Thursday, 16 September 2010

Green for Alastair

A few years ago my now octogenarian father, having long observed my all consuming interest in films old and new, asked that I seek out a film entitled Green for Danger. This was his most fondly remembered title starring Alastair Sim, a name at the time unfamiliar to me. Although, soon after looking up the film on Amazon, and Sim himself on Imdb, I realized that his was easily the most memorable dramatic turn in Alfred Hitchcock's Stage Fright - this in a Hitchcock film starring Marlene Dietrich. If I'm not mistaken, they share no screen time together in that title, and I found myself feeling impatient with Dietrich's trademark histrionics. Whether intentional or not, her character's hinting toward the plot's denouement, long before it happens, helped spoil the story for me.

I am very likely to get this story wrong, but my father's special interest in Sim is largely because the then very famous British actor was the rector of Edinburgh University while my father was a student there. At one point he delivered an address to the student body which was notable not only for its clarity, but also for Sim's ability to captivate an audience, holding them spellbound. I'm not sure my father even remembers the speech's content, he certainly doesn't mention it in the telling of the anecdote; its point being the lasting impact an orator can have when he makes proper use of his gift.

We watched Green for Danger together, and despite the Network DVD release which I acquired not having the best AV quality, we were both able to thoroughly enjoy it. On first viewing the film's manner of gently telling a murder mystery struck me as not having a modern day counterpart. The cinema of today has a tendency to alternate between serious depictions of violence which involve blood and guts splattered across a screen as well as not so serious depictions of violence which also involve blood and guts splattered across a screen. Since I first bought and watched this overlooked classic by Sidney Gilliat, it has also been released by the Criterion Collection. I haven't had the privilege of watching the latter version, but judging by the numerous superlative Criterion editions I have watched, it will be the one to best appreciate the nuances of dialogue in the film, especially as enunciated by Sim himself.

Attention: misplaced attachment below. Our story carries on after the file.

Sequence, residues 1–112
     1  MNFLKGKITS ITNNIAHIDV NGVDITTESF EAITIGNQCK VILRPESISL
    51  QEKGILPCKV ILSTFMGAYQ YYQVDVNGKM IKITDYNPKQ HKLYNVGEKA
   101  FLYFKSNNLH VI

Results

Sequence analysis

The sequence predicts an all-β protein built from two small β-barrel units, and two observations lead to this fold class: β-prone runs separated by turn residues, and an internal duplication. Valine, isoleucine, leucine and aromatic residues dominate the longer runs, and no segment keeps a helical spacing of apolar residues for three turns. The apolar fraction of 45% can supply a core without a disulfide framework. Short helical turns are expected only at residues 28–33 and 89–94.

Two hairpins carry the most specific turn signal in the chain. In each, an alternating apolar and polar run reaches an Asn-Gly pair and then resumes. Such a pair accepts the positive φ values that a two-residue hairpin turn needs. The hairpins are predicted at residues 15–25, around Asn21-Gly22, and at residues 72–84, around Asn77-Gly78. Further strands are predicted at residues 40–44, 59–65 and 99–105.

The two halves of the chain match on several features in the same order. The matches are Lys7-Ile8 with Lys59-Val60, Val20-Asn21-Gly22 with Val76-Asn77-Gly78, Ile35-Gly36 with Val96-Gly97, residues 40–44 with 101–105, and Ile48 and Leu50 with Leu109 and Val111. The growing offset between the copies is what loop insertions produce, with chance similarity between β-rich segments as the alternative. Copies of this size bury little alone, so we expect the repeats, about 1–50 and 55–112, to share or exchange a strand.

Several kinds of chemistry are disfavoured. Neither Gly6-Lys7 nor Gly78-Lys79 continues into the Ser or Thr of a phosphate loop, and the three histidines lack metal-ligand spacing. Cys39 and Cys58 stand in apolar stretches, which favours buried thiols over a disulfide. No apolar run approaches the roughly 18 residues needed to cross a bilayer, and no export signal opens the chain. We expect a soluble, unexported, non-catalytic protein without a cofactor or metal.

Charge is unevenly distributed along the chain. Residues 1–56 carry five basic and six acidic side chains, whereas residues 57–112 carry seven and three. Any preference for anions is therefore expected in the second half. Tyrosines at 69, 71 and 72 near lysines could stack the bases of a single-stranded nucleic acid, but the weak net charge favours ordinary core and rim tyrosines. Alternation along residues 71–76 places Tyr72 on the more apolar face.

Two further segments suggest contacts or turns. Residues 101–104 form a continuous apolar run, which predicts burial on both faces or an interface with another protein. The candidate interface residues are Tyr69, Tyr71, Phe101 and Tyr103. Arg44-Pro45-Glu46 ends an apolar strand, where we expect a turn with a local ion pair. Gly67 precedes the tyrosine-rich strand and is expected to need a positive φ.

In the years that have passed since that first experience of watching one of Sim's films with prior expectations, and my eyes looking out for the man's on-screen presence, I've noticed him as the titular protagonist of Scrooge and the hilarious, corrupt bishop in The Ruling Class. I also went back to Green for Danger which cheered me up on a particularly gloomy day.

Which brings me to the present.

Yesterday I arrived home after several pleasant days in the restorative climate of my parent's home in Central Java. The journey home meant an exhausting six-hour train ride spent solely in the company of my wildly energetic six year-old son. We started out long before the break of dawn, and he only saw fit to grab about ten minutes of sleep during those six hours. As soon as we got home, he demanded that he be allowed to go out to play with the neighbour's children (four days away apparently being enough to make the heart grow much fonder). Their parent's kicked him out after about an hour which usually happens because they are children more prone to restfulness, and unlike young Alexander, are given to taking siestas. So we were left to entertain each other for a few more hours while he behaved in a way that could generously be described as 'lively'. Finally, at about the same time, both he and the sun began to fade, and to deal with my by now thoroughly knackered state, I turned to my own personal comfort food: the vintage comedy.